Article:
Virtual every night in Greece was date night. We’d left the “kids”* at home for this very reason, we were enjoying some very well deserved Monsieur et Madame time. We were so looking forward to it that Mr French had taken me on a little shopping excursion to ERES before our departure. So there I was, hiking through brush and brumble, sweat drip drip dropping from the nape of my neck to the small of my back, streaming down to my exclusively silk clad bottom. Très chic, non? Its one of those moments when you see yourself in a ridiculous NYer cartoon of your life.
Inappropriate wardrobe choices aside, dining on a schooner at sunset, in a remote harbour with the sapphire blue water lapping at your feet, its hard to imagine more romantic.
Before leaving Santorini Mr French had a little chat with Joy, the owner of Dimitri’s, asking for some restaurant recommendations in Mykonos. Chez Kiki’s she said without hesitation. Arriving at the Grace Hotel Mykonos our first order of business was to find Kiki. We went to the receptionist and asked her to make reservations for that evening.
“Ah,” said the receptionist, “I see you’re serious about good food.”
I nodded emphatically, my silly grin probably making me look a bit slow.
“Well, they don’t take reservations, and they only serve lunch, and you’ll need a car to get there. Its on a wild beach on the north side of the island. A bit difficult to find, you know, they don’t have a sign, you just have to follow your nose.”
The place was sounding more and more attractive. The next day, while I was up stairs at the pool, Mr French ran into a car rental guy in the lobby and immediately arranged to have a car brought to us Tuesday morning. Tuesday, everything worked like a dream, or like we were on a perfect holiday in Greece, and by 10am we were off, planning to visit the island a bit before hunting down our lunch.
The island’s main town reminded my of a Nevada ghost town. There was an itinerant artisan with reeds tied to his, advertising his availability for restring rattan chairs. The square was deserted, except for 4 local men sitting in a café slurping back Greek coffee. Sausages dried in a cage outside the butcher shop. A lone priest guarded the monastery, his indigo robes flapping on the laundry line behind him as he chatted away to some Israeli tourists.
“Uh, yes, you went to Jerusalem?” assumed the Israeli.
“Pfft.” he waved the comment aside, “Eiliat (an Israeli resort town). I went to Eilat. The fish, they were amazing!!!”
We headed back to the car where I nearly knocked myself unconscious with the car trunk. Classic me. Then off to the “wild” beach the receptionist had mentioned. On Mykonos, a wild beach is a beach with out parasols, lounge chairs, a bar or Europop blasting out over the loudspeakers. We pulled up and were astounded with the Caribbean blue waters. Walking down the trail I spotted a preoccupied looking man sitting on a stoop. Kiki! We found him before the bbq had even started burning for the day. I was thrilled.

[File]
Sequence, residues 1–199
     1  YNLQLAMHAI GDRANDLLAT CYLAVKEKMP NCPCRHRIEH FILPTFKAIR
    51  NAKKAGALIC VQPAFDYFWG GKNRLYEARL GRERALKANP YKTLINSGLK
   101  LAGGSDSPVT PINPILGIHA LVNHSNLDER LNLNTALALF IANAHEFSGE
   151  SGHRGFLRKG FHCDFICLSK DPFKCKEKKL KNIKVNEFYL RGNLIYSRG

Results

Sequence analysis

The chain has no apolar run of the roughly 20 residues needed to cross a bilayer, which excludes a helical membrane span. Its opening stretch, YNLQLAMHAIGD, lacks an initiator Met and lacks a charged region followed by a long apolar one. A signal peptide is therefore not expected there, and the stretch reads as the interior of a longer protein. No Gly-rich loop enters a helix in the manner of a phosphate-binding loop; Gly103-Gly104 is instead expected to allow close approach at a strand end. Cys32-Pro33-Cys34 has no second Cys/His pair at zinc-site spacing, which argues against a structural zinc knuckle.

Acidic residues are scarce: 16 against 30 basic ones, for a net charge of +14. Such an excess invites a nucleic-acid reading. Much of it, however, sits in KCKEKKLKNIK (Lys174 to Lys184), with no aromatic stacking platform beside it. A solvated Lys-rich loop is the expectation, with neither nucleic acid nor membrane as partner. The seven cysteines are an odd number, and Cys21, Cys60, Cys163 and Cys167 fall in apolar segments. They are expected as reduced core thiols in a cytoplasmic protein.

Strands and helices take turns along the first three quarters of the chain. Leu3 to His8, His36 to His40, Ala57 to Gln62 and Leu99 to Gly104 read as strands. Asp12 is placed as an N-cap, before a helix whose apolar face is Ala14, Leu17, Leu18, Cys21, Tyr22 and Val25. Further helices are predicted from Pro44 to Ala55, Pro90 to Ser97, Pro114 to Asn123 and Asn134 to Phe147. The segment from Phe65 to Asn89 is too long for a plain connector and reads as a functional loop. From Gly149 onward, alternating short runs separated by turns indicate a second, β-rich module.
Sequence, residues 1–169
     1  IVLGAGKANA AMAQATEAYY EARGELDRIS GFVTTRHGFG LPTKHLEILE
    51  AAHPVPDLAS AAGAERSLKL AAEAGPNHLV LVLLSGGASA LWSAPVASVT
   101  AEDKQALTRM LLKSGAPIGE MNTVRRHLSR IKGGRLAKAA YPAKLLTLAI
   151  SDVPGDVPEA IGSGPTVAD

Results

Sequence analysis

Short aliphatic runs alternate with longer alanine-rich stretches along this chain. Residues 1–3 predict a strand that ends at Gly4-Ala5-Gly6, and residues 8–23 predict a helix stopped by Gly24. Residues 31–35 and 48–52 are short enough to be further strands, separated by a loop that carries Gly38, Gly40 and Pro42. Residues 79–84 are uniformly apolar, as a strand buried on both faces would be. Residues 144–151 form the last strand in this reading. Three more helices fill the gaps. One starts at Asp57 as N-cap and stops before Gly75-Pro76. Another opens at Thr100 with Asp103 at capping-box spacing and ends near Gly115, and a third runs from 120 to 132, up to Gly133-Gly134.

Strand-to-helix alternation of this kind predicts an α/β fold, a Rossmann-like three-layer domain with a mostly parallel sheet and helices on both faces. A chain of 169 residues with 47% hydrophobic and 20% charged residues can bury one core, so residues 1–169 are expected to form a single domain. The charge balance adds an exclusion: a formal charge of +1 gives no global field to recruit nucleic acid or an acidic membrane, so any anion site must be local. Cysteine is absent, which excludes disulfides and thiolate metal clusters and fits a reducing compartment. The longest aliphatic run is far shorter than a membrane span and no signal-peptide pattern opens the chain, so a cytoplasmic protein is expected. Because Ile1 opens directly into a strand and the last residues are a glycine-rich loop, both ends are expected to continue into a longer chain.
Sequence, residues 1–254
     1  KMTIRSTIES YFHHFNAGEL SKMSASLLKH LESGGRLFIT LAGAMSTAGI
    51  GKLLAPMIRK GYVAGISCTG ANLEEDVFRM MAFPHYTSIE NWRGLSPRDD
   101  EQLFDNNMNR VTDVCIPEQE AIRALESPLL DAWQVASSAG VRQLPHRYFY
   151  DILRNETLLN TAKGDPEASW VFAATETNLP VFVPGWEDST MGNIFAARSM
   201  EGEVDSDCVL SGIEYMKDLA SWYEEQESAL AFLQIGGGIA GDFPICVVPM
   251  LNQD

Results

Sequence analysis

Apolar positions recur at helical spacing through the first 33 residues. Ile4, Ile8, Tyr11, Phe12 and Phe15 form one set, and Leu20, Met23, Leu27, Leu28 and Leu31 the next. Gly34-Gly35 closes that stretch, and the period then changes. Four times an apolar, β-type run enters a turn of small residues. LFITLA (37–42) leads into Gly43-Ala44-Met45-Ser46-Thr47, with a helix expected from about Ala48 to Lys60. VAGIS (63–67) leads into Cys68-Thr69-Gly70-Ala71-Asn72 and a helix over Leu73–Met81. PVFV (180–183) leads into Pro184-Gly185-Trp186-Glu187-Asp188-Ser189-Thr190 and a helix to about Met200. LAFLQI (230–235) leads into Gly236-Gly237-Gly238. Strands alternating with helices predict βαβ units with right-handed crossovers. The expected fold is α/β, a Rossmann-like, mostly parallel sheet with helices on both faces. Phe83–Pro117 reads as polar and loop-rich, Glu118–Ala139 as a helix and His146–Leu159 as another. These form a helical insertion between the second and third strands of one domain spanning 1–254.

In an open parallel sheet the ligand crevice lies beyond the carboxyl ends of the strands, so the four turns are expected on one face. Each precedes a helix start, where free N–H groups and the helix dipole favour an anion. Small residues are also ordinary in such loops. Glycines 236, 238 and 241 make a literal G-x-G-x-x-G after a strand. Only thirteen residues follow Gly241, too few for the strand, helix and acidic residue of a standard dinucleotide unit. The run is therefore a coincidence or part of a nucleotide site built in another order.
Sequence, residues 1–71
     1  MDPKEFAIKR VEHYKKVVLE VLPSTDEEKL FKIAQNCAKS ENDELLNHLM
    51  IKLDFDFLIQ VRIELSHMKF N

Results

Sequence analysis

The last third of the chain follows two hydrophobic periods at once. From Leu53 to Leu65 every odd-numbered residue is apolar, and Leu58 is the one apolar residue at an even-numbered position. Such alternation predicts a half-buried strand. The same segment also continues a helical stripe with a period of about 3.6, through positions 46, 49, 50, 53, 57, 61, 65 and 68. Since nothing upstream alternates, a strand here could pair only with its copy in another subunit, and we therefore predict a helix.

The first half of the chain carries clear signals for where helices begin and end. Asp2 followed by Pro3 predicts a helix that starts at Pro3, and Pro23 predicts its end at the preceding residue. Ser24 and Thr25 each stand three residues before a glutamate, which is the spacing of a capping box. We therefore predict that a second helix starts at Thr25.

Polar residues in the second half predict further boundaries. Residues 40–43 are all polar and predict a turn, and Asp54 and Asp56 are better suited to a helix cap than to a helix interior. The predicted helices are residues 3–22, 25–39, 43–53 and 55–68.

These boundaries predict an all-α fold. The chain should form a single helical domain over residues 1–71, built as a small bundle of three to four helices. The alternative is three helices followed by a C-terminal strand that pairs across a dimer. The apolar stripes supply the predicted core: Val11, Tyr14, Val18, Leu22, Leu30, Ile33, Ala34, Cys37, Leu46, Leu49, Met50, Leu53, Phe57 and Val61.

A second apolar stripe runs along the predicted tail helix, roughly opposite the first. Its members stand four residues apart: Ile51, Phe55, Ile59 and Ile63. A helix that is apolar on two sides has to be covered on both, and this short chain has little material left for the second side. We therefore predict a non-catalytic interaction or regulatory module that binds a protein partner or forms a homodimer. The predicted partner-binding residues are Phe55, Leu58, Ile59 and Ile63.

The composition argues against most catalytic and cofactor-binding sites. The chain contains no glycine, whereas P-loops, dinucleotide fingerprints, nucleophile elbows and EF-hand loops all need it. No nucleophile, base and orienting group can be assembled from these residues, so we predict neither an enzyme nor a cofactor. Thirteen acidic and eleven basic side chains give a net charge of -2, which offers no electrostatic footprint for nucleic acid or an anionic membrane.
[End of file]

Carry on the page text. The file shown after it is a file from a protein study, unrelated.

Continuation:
We hit the sand and Mr French spent the next 20 minutes putting together a shade producing lean-to for me before heading out to sea for a glorious swim. I loved the swim, but as soon as the clock struck one I was anxious to head up to the restaurant, but feeling I should just be savouring the moment. I lasted 1/2 an hour before Mr French burst out laughing at my angst and got up to shake out his towel.
The area in front of Kiki’s is just a patch of dirt with a wall to one side, a church to the other and a aqua marine sea below. There were already people waiting for a table, sitting patiently in a row of chairs. I ordered Mr Fremch take a seat and stood at the door waiting for Kiki to acknowledge our presence.
As the large man lumbered to the door a Greek woman cut in front of me, trying to secure a place before the rest of us. I’ve lived in Paris long enough to make it clear I had been there first. Kiki would have none of it telling me to get in line behind the man in the chair (my very own Mr French) and letting Mme the Greek know she’d be after me.
So what was all the fuss and was it really worth the trek? Chez Kiki is on a large stone paved terrace that hangs above the sea. The branches of a tree create shade for the entire space and there are two windows, each framing a still life of the Greek kitchen beyond. One of the six boys who are constantly buzzing by, serving the 40 or so places, stops by the table asking what you’d like to drink and advising you to go into the kitchen to order your salad.
It is cool and dark in the kitchen, a traditional looking Greek woman stands behind a large refrigerated counter with about a dozen salads, each more original (and delicious) than the next. We negotiate which four we’ll try and she asks about the grill. I’d seen shiny large eggplants being brought to the grill and insisted we try one, while Mr French opted for octopus.
Everything was perfect; the view, the crowd, and especially the food, slow grilled over glowing embers, the eggplant dressed in a finely chopped parsley salad before being brought to our table. Dessert? We opted for swim in the pristine waters below, kissing and splashing in the lapping waves.
* I think we need a new word in the English language to describe the modern phenomenon of adult children who have left the nest but still require regular maintenance.